10 Tips Employers Need To Know About Mentoring Millennials and Gen Z

Updated: Nov 16, 2020

For the first time in history we have five generations together in the workplace, from Traditionalists to Gen Z. While every person is different for various reasons, it can be most productive to separate their training methods by generation. This is because the ideologies of each generation are typically formed by their shared experiences. Laura Francis at Training Industry and Donna Fuscaldo at Business News Daily detail good practices for mentoring across generations.

Intern Pursuit is committed to helping employers close Power Skill gaps to improve team communication in a multigenerational workforce. Each generation has lived through historic events and technology advancements that brings a rich depth of wisdom and experience that is mutually beneficial to all.

1. Take advantage of generational trends.

While many view an attachment to technology as a bad thing, there are many benefits to Gen Z being so attached to technology. They are generally more tech savvy and can get the hang of digital programs quicker than others.

Knowing your way around niche software programs is a unique skill and is very valuable to HR. While this doesn’t mean millennials and Gen Z will know these programs before they start the job, they may have a quicker and smoother learning process compared to other generations. These generations, having lived through so many pivotal changes in technology, are also more inclined to go with the flow. This is an integral skill in any business – Gen Z and millennials are able to grow with the company and strengthen it.

2. Use mentoring software.

Using mentoring software can help you to make sure that your employee is getting a mentor experience that is tailored to their needs and how they learn best.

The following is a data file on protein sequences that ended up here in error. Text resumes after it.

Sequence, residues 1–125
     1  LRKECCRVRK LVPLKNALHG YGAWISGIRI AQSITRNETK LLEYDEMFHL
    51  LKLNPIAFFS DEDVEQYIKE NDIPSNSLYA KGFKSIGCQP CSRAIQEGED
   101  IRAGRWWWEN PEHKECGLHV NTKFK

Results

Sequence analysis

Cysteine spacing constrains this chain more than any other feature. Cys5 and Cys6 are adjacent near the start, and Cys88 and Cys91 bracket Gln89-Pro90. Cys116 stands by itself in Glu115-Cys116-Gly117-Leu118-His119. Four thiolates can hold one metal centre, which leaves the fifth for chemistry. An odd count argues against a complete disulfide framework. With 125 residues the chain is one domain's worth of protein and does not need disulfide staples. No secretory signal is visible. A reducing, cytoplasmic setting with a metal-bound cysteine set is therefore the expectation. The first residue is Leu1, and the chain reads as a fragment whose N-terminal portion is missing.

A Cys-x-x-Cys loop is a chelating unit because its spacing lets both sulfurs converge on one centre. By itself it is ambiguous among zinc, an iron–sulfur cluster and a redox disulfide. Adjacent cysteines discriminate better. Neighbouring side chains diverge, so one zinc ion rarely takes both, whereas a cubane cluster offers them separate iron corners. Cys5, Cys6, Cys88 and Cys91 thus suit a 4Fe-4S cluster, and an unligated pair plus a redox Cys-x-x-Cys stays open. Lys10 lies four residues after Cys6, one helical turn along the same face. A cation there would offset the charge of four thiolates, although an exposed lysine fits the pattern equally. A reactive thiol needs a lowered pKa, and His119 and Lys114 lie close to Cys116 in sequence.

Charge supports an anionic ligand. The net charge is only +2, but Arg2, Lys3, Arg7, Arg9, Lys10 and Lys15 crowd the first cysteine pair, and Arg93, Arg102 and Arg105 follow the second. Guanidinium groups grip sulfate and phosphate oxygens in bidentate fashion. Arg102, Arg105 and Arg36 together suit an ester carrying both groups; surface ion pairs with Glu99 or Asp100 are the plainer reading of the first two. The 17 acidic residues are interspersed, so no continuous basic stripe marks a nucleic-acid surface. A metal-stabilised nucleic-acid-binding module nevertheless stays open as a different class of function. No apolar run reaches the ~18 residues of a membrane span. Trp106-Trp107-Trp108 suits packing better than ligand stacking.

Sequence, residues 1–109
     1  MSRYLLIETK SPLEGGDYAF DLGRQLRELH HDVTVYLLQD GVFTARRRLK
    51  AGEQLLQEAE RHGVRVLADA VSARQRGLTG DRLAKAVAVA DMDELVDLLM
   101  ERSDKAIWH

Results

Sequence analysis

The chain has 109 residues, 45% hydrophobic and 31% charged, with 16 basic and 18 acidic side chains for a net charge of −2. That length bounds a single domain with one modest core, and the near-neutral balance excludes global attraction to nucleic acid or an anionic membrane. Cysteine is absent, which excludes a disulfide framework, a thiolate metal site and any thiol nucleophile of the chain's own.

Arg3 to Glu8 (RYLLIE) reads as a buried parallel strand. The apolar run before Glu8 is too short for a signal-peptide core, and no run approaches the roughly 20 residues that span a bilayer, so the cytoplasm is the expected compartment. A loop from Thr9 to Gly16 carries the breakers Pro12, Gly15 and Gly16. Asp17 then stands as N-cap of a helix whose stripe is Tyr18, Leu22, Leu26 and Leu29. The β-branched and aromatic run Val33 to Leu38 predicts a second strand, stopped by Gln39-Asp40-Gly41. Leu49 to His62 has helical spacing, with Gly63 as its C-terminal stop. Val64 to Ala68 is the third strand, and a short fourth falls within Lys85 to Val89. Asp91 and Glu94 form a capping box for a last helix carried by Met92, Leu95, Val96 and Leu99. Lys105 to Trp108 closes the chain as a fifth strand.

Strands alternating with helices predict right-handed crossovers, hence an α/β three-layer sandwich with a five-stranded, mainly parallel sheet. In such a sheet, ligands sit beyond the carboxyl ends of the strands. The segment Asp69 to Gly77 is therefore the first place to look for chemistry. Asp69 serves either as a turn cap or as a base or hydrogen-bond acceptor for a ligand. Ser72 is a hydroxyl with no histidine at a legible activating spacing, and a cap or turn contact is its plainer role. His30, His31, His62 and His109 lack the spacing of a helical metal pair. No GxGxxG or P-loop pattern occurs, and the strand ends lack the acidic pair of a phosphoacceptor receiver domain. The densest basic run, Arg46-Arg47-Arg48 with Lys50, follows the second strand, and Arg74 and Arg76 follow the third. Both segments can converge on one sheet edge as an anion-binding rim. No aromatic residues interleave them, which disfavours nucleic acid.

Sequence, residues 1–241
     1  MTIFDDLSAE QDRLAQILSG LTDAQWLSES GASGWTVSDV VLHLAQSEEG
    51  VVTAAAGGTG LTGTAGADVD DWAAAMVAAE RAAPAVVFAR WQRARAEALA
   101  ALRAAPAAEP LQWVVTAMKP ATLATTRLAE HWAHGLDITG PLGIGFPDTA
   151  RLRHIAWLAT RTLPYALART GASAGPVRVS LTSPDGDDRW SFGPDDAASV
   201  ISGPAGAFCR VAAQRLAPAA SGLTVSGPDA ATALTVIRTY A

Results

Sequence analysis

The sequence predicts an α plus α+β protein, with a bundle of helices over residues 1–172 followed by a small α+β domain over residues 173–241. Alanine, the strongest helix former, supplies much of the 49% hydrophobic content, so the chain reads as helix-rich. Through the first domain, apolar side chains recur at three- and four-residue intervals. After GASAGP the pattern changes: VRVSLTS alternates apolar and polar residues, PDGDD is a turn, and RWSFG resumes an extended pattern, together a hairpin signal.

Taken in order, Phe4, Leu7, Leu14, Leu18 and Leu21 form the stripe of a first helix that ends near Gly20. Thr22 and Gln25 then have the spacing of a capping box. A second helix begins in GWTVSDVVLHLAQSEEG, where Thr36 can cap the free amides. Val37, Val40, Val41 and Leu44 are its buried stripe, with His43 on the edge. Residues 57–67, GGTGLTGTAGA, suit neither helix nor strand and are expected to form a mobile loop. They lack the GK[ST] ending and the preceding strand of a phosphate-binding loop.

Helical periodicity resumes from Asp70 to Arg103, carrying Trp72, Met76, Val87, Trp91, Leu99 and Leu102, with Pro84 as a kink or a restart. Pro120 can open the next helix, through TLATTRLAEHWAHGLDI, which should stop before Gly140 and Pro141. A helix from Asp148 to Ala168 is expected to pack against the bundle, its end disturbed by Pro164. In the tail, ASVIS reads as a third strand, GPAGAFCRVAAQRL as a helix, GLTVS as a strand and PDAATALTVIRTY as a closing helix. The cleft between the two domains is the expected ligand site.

Software programs are able to assign mentors and mentees without any bias. This method allows the person to input that information and find others like them. It eliminates the bias from things like age and generational stereotypes from the equation so that everyone is paired with someone who will help them learn and succeed.

3. Tailor your training.

Speaking of tailoring your information, there are optimal ways to cater information to each generation.

For example, Gen Z typically takes in information best when it’s given in bite-sized pieces. While they grew up, they learned that they had endless information at their fingertips, all while being thrown into the world of social media, where everything is consumed under two minutes. This ended in a strong ability to intake information quickly, albeit with a short attention span. This also means that millennials and Gen Z like to have their information on an as-needed basis, and it can help to give them the choice between text and an audio or visual option.

4. Let them decide how they learn best.

The person that knows yourself best is always you. While most may assume Gen Z and millennials prefer to text over meeting in person, everyone has different preferences.

Letting the employee explain their preference and how they learn best can be extremely beneficial. Giving them all the resources they need to succeed will make them feel more comfortable and motivated. It also means they will learn much easier and have more confidence in the workplace.

5. Offer multiple types of mentoring.

Going off of everyone knowing how they learn best, you can do your part by providing many different options for mentoring. Older generations may prefer to be more hands-on while millennials and Gen Z might want to take in all the information before they dive in.

6. Check in on your younger employees.

It’s always good to check in on your employees once in a while. No matter your age or generation, it feels good when your hard work is noticed and commended.

Millennials and Gen Z particularly thrive from being told if they’re doing a good job or not. Likely stemming from the use of social media, it helps for members of these generations to be reassured that they are doing a good job or told what they are doing wrong. For these reasons, it’s probably a good idea to formally review employees at least twice a year – after all, it can’t hurt to frequently check up on everyone.